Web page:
Web blacklist legislation latest assault on free flow of information
December 28, 2011
The Stop Online Piracy Act is not intended to make the internet more secure or even to protect copyrighted material. Its sole purpose is to codify First amendment killing actions already being undertaken by an out of control federal government.
Media talking heads and bloggers alike continue to debate the technicalities of the legislation, however, it is clear that SOPA and PIPA, (Protecting IP Act) the Senate version of the bill, form a double pronged attack on the free and open internet. The bills constitute weapons of mass destruction in the infowar, a huge leap forward for the long running agenda to completely re-structure and centralize the internet under government control.
As detailed in depth in an excellent article today in The Globe and Mail, should the legislation be signed into law in January, it will provide the U.S. government, through the office of the Attorney General, the power to pursue court orders against any site believed to be engaging in or ‘facilitating’ ‘copyright infringement’. The problem being that the bill’s definition of such terms is so broad that entire web sites could come under threat of being effectively seized and shut down for merely displaying one offending hyperlink.
Some felonies under SOPA, such as “streaming copyrighted content” – again the terminology is vague at best – carry a five-year prison sentence.
As we reported back in October, the bill will also force compliance from search engines and Internet Service Providers, demanding they create a list of banned web sites and prevent their users from accessing the sites. Advertising networks, payment providers and credit card processors would also be ordered to stop doing business with any site deemed to be acting unlawfully under SOPA.
“…all those entities are compelled to comply. Indeed, the bill imposes stiff penalties on anyone who doesn’t, and offers immunity to ad networks and payment processors that follow orders. As such, SOPA is chock-full of incentives for ISPs, content-hosting sites and other such entities to go along with the government’s demands.” writes Omar El Akkad of The Globe & Mail.
SOPA is not legislating for anything that the government isn’t already engaged in carrying out. The Department of Homeland Security has already seized dozens of web sites merely for linking to copyrighted material, despite the fact that such material isn’t even hosted on the web site itself, a process the Electronic Frontier Foundation has criticized as, “Blunt instruments that cause unacceptable collateral damage to free speech rights.” Most recently, the DHS seized a popular music blog and shut down the web site for over a year on charges it now admits were completely false.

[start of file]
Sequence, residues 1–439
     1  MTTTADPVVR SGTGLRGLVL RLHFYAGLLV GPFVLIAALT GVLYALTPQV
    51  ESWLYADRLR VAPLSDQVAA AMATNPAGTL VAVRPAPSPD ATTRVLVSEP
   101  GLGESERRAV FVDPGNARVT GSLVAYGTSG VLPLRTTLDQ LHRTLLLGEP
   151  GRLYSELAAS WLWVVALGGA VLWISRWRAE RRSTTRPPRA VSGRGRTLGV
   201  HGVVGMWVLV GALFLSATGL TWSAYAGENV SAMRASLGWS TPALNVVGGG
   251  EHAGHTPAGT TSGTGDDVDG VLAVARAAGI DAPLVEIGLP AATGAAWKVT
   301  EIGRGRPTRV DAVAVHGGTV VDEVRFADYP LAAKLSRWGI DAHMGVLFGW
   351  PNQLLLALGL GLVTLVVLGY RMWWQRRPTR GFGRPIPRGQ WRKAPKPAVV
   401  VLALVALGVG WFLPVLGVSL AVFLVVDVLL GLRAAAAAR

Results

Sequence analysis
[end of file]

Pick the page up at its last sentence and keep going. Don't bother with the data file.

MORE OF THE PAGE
Under SOPA, even domain name server (DNS) forwarding, a core functionality of the internet as a whole, would have to be suspended for any site accused of “piracy”. Enacting the legislation would constitute a massive internet-wide operation, and may be part of the reason why backlash, even corporate backlash, is continuing to grow against it.
Furthermore, experts contend that anyone who is determined to download pirated content from a forbidden site could easily switch their computer settings to bypass SOPA restrictions, by using a foreign-based DNS, for example.
In short, intense lobbying from the entertainment industry, urging the government to protect copyrighted content, is being used as yet another front by an establishment hell bent on restricting freedom of speech and the free flow of information to ramp up a long running crack down on the internet.
As we have ceaselessly documented, legislation is being drafted left, right and center in an effort to ensure complete control over cyberspace.
Lawmakers like Senator Joe Lieberman have teamed up with Department of Homeland Security officials to push draconian legislation in an effort to mimic the Communist Chinese system of policing the Internet.
Legislation such as The Protecting Cyberspace as a National Asset Act is written around the notion that big government decides who can say what on the web. The nightmare vision provides the President the power to shut down the entire Internet with a figurative flick of a switch.
Simultaneously, legislation such as The Cybersecurity Act and the “Protecting Children from Internet Pornographers Act of 2011” propose allowing the federal government to tap into any digital aspect of every citizen’s information without a warrant. Banking, business and medical records would be wide open to inspection, as well as personal instant message and e mail communications.
The push to restrict and control the internet, as we have repeatedly warned for years, is being pursued by an elite few petrified at the fact that alternative and independent sources of information are now eclipsing corporate and government controlled outlets in terms of audience share, trust, and influence.
Regulation and censorship of the Internet would not only represent a massive assault on free speech, it would also create new roadblocks for e-commerce and as a consequence further devastate the economy. The move should be met with fierce opposition at every level and from across the political spectrum.
Steve Watson is the London based writer and editor for Alex Jones’ Infowars.net, and Prisonplanet.com. He has a Masters Degree in International Relations from the School of Politics at The University of Nottingham in England.